Top 10 plastic pollutants in rivers and lakes revealed
5th April 2019
The Plastic Rivers report, published in association with Plastic Oceans UK, analysed data from nine studies of freshwater sources across the UK and Europe. It ranked types of macroplastic by prevalence, focusing on consumer items and excluding items relating to fishing, agriculture and industry. Plastic bottles are the biggest contributor to freshwater plastic pollution, followed by food wrappers and cigarette butts.
The top 10 plastic pollutants in rivers and lakes
- Plastic bottles and lids
- Food wrappers (crisp packets and sweet wrappers)
- Cigarette butts
- Sanitary items (nappies, sanitary towels, tampons and wet wipes)
- Plastic or polystyrene takeaway containers
- Cotton bud sticks
- Plastic or polystyrene cups
- Smoking-related packaging
- Plastic straws, stirrers and cutlery
- Plastic bags
Much of the plastics focus to date has been on the shocking impact pollution is having on ocean species, but up to 80% of the plastic in our seas actually comes from rivers. Understanding the situation in freshwater environments is an essential but often overlooked factor in stemming the tide of plastic reaching our oceans.
Research Manager Debbie Winton, who authored the report, said:
Its really encouraging that plastic pollution is now at the forefront of many peoples minds, but with so much information out there it can be hard to understand the best ways to make a difference. Our report provides simple, evidence-based recommendations to show people exactly what changes they can make and the positive impact those changes will have on our waterways.
“The Plastic Rivers report shows that the products we buy every day are contributing to the problem of ocean plastic. Our discarded plastic enters rivers from litter generated by our on-the-go lifestyle and items we flush down our toilets. This throw-away approach is having much more serious consequences and the report shows really simple ways to avoid this problem and stop plastic pollution.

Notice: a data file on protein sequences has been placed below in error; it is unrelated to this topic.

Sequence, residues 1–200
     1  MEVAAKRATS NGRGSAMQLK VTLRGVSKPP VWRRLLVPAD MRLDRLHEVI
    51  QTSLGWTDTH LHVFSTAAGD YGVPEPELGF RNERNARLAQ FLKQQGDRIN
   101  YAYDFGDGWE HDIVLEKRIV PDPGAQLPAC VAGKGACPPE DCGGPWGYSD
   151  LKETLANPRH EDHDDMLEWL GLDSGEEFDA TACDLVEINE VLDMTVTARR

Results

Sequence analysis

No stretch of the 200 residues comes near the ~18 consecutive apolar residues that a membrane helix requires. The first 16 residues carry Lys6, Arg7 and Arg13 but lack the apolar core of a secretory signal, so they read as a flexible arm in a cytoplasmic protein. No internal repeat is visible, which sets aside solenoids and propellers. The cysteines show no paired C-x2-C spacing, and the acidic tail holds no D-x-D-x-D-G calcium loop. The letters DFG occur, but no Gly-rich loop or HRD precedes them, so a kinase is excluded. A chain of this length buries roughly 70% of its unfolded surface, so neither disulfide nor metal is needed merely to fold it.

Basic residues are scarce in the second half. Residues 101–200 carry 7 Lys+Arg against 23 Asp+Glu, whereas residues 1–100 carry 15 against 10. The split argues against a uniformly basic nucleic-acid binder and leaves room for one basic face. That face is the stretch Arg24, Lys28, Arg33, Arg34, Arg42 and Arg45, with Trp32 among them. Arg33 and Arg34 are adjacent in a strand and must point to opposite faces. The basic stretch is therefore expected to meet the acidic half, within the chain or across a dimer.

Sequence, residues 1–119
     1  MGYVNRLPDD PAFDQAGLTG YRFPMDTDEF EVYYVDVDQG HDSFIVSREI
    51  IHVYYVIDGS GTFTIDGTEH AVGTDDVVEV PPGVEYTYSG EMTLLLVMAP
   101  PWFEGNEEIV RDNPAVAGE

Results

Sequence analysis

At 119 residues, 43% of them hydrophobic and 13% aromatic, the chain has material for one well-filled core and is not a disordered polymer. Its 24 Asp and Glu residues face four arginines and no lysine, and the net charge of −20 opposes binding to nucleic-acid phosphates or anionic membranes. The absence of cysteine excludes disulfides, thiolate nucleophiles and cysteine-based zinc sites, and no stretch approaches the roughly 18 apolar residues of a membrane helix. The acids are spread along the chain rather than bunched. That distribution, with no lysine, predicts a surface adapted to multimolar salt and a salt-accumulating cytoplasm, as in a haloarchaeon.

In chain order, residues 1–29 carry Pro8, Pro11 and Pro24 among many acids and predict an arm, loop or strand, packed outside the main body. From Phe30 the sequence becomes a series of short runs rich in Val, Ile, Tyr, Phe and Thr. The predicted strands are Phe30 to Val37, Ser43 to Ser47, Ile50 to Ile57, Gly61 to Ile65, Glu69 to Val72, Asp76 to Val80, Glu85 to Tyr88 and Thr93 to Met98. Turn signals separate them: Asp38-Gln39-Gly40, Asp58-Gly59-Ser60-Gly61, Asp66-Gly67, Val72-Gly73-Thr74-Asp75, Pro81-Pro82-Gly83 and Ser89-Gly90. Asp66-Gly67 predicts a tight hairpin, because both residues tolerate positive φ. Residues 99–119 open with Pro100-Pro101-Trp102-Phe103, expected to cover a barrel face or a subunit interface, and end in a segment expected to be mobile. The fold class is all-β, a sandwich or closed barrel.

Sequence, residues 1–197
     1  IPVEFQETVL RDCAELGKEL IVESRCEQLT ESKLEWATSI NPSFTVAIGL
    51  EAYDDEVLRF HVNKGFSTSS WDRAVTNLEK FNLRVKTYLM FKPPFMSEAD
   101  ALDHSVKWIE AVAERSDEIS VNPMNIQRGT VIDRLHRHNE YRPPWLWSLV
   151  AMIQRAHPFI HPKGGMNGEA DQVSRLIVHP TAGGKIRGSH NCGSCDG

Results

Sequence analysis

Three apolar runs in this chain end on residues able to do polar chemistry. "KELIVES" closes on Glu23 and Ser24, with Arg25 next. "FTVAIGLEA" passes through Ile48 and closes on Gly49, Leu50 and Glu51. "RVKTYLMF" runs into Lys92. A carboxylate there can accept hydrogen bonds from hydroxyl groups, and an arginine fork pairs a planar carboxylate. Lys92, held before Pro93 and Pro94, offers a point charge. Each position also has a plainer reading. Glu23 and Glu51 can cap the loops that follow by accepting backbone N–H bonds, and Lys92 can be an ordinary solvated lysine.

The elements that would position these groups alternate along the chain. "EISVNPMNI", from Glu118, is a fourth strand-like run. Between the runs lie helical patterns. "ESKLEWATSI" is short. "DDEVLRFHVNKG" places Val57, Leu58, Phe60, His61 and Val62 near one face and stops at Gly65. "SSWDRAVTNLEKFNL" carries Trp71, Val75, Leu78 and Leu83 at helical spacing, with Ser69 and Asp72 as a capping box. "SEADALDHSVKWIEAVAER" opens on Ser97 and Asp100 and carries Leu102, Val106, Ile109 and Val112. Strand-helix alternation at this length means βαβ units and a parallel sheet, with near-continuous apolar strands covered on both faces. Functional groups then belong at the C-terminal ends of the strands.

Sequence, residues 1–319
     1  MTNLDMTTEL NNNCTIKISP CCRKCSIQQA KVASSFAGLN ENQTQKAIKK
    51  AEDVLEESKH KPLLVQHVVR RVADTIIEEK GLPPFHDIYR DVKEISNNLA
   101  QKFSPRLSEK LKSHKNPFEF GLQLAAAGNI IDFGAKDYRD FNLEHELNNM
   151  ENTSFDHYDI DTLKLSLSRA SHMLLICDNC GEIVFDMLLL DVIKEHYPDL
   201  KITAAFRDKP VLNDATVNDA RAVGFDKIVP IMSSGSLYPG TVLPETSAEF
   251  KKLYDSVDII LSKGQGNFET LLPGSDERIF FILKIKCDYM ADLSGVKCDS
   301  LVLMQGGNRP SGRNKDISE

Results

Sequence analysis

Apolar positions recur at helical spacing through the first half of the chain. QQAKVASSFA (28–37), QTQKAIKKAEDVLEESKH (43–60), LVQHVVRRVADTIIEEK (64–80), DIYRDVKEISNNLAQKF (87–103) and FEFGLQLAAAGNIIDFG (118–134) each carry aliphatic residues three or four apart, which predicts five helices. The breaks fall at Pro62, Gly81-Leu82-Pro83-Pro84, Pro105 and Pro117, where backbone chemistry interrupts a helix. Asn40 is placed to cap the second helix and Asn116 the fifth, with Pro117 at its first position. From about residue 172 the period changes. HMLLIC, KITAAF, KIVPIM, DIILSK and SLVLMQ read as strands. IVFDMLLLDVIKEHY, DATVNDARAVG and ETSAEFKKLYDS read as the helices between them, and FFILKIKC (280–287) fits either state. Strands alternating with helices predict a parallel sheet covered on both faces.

As the first plastic pollution NGO in the UK, we are always looking to find clear evidence and are pleased to work closely with our partner, Earthwatch. We see this report as an important and engaging contribution to the debate, to inform everyone and show how easily we can change our lifestyle and behaviours to prevent this insidious pollution.”
The report aims to help consumers in the UK make a real difference by providing practical alternative options. It is accompanied by a free downloadable guide to the top pollutants and the best ways to reduce their prevalence, alongside a sheet for households to pledge the changes theyre going to make.
For businesses and policy makers the report provides suggestions for how to make it easier for consumers to make more sustainable choices.
If implemented quickly, our recommendations have the potential to significantly reduce plastic pollution in the UK well in advance of any impact that will be achieved from policy changes, and to inform the policies themselves.
To access the full report alongside free downloadable resources, visit our plastics webpages.